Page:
Tommie Waters of Perryville, Arkansas, is confused. “Recently I received a catalogue selling dog-related products,” she writes, “and I noted it had an item that sounded like marijuana. To quote the promotion: ‘Cannabidiol Wellness Dog Treats, infused with non-psychoactive cannabinoids and derived from organic hemp extract, are nutritious and delicious. Made with organic super food ingredients, the calming treats help ease a wide range of symptoms and issues such as appetite stimulation, anxiety, seizures, pain and joint muscle problems and can improve quality of life at the end of life. Handmade in the USA.’
“The treats come in two flavors,” Ms. Waters says, “blueberry and pumpkin, and in two sizes depending on a dog’s weight. What advice might Tufts have regarding the use of a marijuana-related product for dogs? Helpful? Harmful?”
Ms. Waters, veterinarians from our pain clinic, nutrition clinic, and behavior clinic have all weighed in saying that based on the wording you provide, the product is illegally misbranded with false health claims because the scientific evidence is completely lacking that these treats can help ameliorate everything from anxiety and seizures to muscle and joint problems. There is also a dearth of data to support their safety. The Tufts vets would not feed these treats to their own dogs.
The marijuana connection
We should be clear that these treats do not contain marijuana per se, which in most states can be dispensed (for humans) only through approved dispensaries, presumably for medicinal purposes. The cannabidiol that this food’s promotional materials say it contains is just one substance in a class of several active ingredients in marijuana called cannabinoids. The various cannabinoids have different effects. For instance, some are thought to be anti-anxiety agents while some cause a euphoric state, and some increase hunger.
Cannabidiol, which is contained in hemp as well as in the marijuana plant cannabis (and which is why the product can be sold in stores rather than through an authorized marijuana dispensary), is not thought to cause euphoria. A dog won’t get high or experience any neurotoxicity that could lead to, say, psychosis. Rather, cannabidiol is said by some to reduce anxiety. “But there is not adequate high-quality research to support that claim,” says Tufts Animal Behavior Clinic veterinarian Stephanie Borns-Weil, DVM.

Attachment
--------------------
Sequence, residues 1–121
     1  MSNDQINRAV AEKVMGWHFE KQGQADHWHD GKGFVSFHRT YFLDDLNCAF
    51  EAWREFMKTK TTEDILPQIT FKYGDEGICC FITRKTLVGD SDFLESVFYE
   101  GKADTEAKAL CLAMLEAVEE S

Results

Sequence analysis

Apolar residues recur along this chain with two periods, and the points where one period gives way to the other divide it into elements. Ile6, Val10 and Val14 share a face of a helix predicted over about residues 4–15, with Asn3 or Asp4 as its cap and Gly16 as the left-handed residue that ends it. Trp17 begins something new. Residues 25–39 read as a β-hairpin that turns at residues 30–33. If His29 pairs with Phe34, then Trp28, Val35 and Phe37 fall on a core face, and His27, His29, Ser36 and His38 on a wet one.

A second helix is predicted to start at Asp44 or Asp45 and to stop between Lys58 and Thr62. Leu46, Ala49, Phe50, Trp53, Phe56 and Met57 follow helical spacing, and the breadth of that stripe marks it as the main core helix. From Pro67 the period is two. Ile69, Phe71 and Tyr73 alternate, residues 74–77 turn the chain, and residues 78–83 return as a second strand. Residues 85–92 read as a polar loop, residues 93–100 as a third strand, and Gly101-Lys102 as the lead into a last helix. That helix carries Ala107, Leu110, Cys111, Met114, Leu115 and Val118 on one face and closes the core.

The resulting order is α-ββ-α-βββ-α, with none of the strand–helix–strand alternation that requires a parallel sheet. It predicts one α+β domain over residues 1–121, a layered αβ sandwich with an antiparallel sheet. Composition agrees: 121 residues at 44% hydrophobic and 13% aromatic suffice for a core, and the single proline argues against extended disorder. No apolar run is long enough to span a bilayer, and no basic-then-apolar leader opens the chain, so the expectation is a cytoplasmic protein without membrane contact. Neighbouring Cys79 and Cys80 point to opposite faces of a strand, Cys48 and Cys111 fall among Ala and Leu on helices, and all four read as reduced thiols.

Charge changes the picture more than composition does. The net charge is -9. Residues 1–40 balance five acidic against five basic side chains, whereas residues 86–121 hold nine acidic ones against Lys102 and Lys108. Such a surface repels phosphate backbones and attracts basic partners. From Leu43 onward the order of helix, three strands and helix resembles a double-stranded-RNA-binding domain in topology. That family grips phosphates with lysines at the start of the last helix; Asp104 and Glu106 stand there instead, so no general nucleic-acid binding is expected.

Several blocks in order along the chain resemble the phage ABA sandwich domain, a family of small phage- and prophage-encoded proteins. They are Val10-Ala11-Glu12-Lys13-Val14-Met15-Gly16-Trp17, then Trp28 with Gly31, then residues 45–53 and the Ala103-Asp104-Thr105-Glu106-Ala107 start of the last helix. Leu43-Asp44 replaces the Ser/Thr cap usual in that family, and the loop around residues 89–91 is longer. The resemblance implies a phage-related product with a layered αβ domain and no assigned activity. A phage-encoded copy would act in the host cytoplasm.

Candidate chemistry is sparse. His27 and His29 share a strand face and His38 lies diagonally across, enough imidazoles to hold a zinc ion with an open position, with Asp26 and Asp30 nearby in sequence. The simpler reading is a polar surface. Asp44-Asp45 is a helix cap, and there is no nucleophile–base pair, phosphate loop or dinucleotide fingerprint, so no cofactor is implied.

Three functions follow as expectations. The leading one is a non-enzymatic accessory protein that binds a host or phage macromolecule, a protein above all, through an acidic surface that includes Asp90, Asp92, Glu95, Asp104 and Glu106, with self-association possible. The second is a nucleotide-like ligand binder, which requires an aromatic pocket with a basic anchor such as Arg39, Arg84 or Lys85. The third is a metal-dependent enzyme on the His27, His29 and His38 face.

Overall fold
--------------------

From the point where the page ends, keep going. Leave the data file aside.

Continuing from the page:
Indeed, if cannabidiol products had undergone clinical trials to support the medical claims made in their advertisements, they would most likely be sold as prescription drugs. Calling a product a nutritional supplement or nutriceutical rather than a medication “is for some companies, just a way of attempting to skirt Food and Drug Administration regulations,” Dr. Borns-Weil comments. Although nutritional supplement products are not permitted to make health claims, many get away with doing so. “It’s a very under-regulated industry,” Dr. Borns-Weil adds. “Companies can pretty much say anything” and not have to worry about anyone coming after them.
When Dr. Borns-Weil was interested in learning more about one of the over-the-counter products for dogs like the treat Ms. Waters queried about, she relates, “I contacted the company and asked, ‘What’s in here, and how much of it, and where’s your proof that it does what you say it does?’ An email from the company explained that no detailed information could be shared about the contents or in-house lab testing due to the proprietary nature of the ingredients.” In essence she was told, it’s a trade secret, but trust us. “While the potential benefits of cannabidiol are plausible, products need to be investigated openly in a scientific way, not just for efficacy but also for safety,” Dr. Borns-Weil says.